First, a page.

Staying Alive

According to a recent poll of 268 artists from across the US conducted by the School of Arts and Culture of the University of the Poor, only 7.2% of respondents have health coverage through their artistic/cultural work. The largest group, 38.4%, has no coverage at all. But there is hope, as some artist groups tackle insurance on their own terms.
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For the past twelve years, I have been living with ulcerative colitis, an autoimmune disease of the large intestine that causes chronic bleeding, anemia, and a host of other terrible symptoms that can make each day a challenge. For many of these past twelve years, I have been without health care coverage, relying on free clinics in New York City and lower-cost generic drugs that in my case did not prove to be nearly as effective as their more expensive counterparts.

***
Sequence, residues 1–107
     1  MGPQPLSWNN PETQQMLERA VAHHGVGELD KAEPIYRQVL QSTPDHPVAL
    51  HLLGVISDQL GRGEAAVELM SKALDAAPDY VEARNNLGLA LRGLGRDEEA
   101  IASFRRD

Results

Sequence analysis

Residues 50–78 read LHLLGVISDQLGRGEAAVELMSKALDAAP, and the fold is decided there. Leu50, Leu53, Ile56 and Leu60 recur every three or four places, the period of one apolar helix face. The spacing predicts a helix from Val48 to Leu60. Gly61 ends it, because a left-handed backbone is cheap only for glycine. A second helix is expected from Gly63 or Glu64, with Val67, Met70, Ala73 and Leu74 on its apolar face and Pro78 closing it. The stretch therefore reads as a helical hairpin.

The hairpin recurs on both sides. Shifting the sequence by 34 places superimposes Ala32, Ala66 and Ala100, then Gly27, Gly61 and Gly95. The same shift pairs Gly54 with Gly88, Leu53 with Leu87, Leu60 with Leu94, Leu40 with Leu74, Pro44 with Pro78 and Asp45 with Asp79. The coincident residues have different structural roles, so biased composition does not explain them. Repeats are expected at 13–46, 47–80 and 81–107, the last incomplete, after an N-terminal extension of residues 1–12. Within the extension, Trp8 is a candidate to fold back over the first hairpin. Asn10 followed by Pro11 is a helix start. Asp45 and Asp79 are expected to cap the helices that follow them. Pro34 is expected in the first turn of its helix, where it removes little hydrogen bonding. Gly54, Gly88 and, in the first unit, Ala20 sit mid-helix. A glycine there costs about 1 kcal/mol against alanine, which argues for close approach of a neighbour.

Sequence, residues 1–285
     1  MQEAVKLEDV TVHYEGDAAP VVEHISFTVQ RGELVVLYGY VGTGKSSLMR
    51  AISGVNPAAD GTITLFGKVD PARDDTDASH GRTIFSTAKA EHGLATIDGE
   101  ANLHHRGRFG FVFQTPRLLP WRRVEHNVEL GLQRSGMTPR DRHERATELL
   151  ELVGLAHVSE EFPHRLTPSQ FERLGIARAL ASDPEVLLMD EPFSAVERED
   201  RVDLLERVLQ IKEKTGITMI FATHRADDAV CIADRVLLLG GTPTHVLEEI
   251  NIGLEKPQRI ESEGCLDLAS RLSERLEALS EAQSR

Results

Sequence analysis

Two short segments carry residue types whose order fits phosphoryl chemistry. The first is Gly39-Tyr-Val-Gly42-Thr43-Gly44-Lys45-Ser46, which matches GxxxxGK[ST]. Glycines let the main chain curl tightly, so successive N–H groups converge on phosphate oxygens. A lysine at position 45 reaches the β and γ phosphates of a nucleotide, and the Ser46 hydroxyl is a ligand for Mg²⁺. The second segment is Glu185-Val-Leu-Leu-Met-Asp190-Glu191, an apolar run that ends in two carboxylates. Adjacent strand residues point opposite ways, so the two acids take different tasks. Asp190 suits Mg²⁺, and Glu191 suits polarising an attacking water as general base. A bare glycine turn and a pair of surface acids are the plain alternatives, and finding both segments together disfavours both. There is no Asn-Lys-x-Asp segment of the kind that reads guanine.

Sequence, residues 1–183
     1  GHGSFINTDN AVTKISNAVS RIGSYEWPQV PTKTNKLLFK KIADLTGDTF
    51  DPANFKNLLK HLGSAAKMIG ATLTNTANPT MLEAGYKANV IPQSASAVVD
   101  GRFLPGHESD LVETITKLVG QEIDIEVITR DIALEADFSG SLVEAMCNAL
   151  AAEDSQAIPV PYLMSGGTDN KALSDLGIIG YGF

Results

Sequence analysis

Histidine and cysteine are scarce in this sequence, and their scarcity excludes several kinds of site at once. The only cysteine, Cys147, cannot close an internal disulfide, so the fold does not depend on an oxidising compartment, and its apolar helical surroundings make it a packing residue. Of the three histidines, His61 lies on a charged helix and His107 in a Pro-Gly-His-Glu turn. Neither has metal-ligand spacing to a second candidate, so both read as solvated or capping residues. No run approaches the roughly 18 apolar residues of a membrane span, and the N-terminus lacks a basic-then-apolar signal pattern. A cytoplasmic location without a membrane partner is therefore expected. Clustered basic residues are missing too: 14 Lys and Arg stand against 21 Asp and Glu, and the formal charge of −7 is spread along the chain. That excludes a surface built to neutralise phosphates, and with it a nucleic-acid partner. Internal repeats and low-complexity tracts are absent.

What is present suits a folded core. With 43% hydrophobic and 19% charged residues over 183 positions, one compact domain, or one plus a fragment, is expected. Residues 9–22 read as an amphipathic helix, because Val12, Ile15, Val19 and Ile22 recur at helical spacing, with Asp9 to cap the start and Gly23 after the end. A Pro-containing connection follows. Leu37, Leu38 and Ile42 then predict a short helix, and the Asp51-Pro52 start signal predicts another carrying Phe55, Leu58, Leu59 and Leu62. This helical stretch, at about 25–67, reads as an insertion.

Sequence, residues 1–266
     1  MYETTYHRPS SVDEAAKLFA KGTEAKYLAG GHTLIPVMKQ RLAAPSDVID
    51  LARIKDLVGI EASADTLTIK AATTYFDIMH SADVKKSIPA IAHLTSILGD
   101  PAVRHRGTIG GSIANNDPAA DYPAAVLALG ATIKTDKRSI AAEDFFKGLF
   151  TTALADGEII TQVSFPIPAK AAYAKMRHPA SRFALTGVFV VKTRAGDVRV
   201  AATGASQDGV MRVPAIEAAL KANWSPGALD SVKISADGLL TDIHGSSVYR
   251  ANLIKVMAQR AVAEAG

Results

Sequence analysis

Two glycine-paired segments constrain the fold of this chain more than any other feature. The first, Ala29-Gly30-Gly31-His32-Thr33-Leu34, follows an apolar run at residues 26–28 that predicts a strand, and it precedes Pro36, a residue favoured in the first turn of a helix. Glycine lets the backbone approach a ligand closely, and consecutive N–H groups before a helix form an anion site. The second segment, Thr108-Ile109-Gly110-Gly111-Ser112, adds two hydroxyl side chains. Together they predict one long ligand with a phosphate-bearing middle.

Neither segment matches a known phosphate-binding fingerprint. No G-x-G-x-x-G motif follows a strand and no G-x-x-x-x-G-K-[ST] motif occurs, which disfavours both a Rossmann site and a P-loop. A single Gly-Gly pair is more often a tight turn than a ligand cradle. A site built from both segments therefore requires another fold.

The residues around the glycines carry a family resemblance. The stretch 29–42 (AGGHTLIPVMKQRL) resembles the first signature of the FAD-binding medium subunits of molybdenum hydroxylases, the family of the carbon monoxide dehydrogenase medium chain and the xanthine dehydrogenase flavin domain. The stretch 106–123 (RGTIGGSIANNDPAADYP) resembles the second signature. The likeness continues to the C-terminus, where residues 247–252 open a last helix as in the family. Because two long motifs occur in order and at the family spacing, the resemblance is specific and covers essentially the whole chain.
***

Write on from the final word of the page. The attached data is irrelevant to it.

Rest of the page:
This past April, my health took a serious downward turn, and I was hospitalized for nearly sixty days due to chronic hemorrhaging. It was my third extended hospital stay. While I am currently doing magnificently and have returned—finally!—to something resembling normalcy, I opened my mailbox today to discover the financial toll of my hospitalization.

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Howard Emanuel
About the Author
As an actor, Howard Emanuel has appeared across the USA in regional theatres ranging from The Paper Mill Playhouse and The Shakespeare Theatre of New Jersey to the Pittsburgh Civic Light Opera and Houston's Theatre Under The Stars. As a playwright, he has recently completed his first full-length work, Last Supper. As a novelist, his urban fiction manuscript, Naked Angels, is currently being shopped to various publishing houses. He is currently hard at work on his second and third plays. He holds a B.F.A. in Acting from New York University, Tisch School of the Arts.